Alex Avila has been with the Detroit Tigers for what seems like forever. He is one of the last remnants of the 2012 World Series team, along with Justin Verlander and Miguel Cabrera, and has been the starting catcher since he gained regular playing time in 2010. He has been a constant and calming force behind the plate for Tigers starters and relievers alike.
Best known for his defense and, more specifically, his chemistry with the team's starting pitching, Avila was often underrated offensively. His best season came in an All-Star campaign in 2011 where he won the Silver Slugger and finished 12th in the American League MVP voting.
Unfortunately, as Avila approaches free agency, it appears that his time as a Tiger has run out. The 2015 season was a year of many transitions for the Tigers, and the catching position was no exception. Let's examine Avila's 2015 and how we arrived at this headline.
The greatest issue with Avila's 2015 season was a knee injury that landed him on the disabled list from early May until July 3. While the length of the DL trip was the longest of his career, injuries have been a constant for the former Alabama product. I have never seen a catcher take so many knocks on a game-to-game basis. He seems to be a magnet for the baseball. Here is Avila's complete injury history since 2012.
Because of the injury and his reduced role (platooning with James McCann), Avila only played in 67 games this year, well below his 117 game average from 2010 through 2014. When considering re-signing Avila, the fear of future injuries is exasperated by progressing age and the 683 games he has played in his career, including 141 (!) in 2011.
Beyond -- and, one would also assume, because of -- the injuries, Avila's struggles at the plate became magnified over the years. His batting average, on-base percentage and slugging have all steadily declined since his breakout campaign in 2011. This culminated in an extremely depressing .191/.339/.287 slash in his limited action in 2015. While he has always struggled against lefties, his .133 average against them this year was a new low score. Offering little to no pop, Avila was a full blown liability in the lineup.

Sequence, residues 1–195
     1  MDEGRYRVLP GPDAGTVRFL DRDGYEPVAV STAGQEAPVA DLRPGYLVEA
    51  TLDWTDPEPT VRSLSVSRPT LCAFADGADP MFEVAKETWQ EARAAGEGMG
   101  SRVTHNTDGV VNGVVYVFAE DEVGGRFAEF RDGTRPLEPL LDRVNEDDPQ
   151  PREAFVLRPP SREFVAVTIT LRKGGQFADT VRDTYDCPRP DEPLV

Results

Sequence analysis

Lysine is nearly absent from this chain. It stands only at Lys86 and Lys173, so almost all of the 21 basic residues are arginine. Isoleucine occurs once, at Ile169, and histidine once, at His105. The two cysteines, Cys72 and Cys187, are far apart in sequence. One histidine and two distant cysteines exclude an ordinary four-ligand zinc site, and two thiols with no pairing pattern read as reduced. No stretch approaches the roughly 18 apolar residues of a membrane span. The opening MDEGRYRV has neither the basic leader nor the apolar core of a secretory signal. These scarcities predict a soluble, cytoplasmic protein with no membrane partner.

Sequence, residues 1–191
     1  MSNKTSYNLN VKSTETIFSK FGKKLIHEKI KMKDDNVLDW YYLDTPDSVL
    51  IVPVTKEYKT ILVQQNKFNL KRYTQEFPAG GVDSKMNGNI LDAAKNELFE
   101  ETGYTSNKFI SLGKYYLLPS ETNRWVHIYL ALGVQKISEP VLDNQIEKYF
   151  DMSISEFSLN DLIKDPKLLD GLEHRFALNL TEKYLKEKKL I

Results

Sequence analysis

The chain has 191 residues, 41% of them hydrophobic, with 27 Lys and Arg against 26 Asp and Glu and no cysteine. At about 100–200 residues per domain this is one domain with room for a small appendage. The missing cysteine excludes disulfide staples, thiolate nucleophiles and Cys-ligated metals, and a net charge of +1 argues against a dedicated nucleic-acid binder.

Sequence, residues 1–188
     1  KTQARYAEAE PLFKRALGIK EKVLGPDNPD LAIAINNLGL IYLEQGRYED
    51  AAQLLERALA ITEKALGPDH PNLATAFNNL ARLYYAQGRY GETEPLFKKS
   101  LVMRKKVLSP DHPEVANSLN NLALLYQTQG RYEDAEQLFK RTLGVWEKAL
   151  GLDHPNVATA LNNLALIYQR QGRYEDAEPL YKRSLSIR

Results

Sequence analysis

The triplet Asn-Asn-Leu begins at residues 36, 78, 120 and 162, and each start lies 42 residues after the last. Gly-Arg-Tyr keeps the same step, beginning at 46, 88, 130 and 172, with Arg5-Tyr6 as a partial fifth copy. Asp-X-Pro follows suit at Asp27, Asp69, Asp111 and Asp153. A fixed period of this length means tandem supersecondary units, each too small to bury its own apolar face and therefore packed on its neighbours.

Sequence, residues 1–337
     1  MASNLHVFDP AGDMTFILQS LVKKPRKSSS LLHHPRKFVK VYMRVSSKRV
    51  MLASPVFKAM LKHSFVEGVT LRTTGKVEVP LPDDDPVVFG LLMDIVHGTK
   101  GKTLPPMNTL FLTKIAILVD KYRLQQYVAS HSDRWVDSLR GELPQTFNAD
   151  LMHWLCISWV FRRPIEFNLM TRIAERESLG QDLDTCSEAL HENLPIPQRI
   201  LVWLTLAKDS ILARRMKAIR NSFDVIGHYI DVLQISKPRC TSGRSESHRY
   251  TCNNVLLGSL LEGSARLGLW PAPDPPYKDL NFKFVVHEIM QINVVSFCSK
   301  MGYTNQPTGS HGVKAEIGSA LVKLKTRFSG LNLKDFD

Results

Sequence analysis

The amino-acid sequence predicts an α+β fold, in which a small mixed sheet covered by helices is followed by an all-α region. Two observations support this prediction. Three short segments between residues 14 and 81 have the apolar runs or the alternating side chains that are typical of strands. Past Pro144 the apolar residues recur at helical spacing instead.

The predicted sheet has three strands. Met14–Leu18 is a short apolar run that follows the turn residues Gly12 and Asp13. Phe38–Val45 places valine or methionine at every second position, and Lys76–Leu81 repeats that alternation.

While Avila was either injured or struggling to produce, the Tigers' other catching options made big impressions in 2015. James McCann earned the nickname McCannon providing excellent defense while posting a respectable .264 batting average and sprinkling in some flair for the dramatic. Bryan Holaday also hinted he could play at the big league level, slashing .281/.292/.453 in his limited action.
Avila missed nearly two months of the year for a loose body in his left knee. He was never able to play fully to his abilities, and lost his duties as primary catcher. He posted the lowest average and slugging numbers of his career and lost some of what made him so special behind the plate because of his injury. With that said, Avila still contributed to the team -- both behind the dish and at first base -- and helped develop McCann, knowing full-well that McCann was replacing him. In the end, Avila stabilized somewhat and he enters free agency this offseason. He may not be back with the Tigers.
Expectations for 2016
The 2015 season was a lost year for many Tigers, and that included Avila. Unfortunately, barring something unexpected, this will be Alex's last with the team. With McCann assuming the starting duties at catcher, Avila will look elsewhere for more playing time and greater pay than the Tigers can offer. It is an unfortunate way to end his time as a Tiger after being such an important piece for so many winning seasons, but baseball is still a business.
Instead, let's thank Alex for all that he has done for the Tigers organization and wish him the best in the future.